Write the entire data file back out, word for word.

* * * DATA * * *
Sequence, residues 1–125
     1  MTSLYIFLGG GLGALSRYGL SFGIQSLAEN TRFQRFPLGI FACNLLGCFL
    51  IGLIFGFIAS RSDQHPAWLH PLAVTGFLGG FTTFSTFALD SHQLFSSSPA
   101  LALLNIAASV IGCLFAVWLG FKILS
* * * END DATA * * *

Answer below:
Sequence, residues 1–125
     1  MTSLYIFLGG GLGALSRYGL SFGIQSLAEN TRFQRFPLGI FACNLLGCFL
    51  IGLIFGFIAS RSDQHPAWLH PLAVTGFLGG FTTFSTFALD SHQLFSSSPA
   101  LALLNIAASV IGCLFAVWLG FKILS